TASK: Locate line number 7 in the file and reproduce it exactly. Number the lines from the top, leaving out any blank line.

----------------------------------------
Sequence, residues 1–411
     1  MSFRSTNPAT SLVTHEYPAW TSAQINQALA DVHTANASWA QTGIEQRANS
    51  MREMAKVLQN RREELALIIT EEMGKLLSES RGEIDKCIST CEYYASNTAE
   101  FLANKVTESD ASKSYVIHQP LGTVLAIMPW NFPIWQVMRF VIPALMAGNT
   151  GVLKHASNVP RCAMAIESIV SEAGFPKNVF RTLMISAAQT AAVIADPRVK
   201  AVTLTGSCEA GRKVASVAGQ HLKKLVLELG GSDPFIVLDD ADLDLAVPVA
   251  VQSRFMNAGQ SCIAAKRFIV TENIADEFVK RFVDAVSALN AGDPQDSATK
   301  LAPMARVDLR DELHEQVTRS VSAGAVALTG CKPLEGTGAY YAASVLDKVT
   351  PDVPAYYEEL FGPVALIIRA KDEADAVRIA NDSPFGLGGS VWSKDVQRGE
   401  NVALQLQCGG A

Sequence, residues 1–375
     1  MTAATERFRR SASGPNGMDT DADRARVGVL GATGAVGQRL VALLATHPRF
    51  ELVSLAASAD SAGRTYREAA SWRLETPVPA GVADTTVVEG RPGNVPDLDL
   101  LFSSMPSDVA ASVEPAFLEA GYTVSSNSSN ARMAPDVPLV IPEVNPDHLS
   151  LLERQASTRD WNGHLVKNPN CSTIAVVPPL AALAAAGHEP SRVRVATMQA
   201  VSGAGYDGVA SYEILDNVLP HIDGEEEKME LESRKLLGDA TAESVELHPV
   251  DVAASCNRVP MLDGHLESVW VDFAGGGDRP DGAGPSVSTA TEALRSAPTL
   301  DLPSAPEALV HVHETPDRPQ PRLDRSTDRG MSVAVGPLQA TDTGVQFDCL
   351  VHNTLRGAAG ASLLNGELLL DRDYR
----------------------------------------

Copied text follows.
   251  VQSRFMNAGQ SCIAAKRFIV TENIADEFVK RFVDAVSALN AGDPQDSATK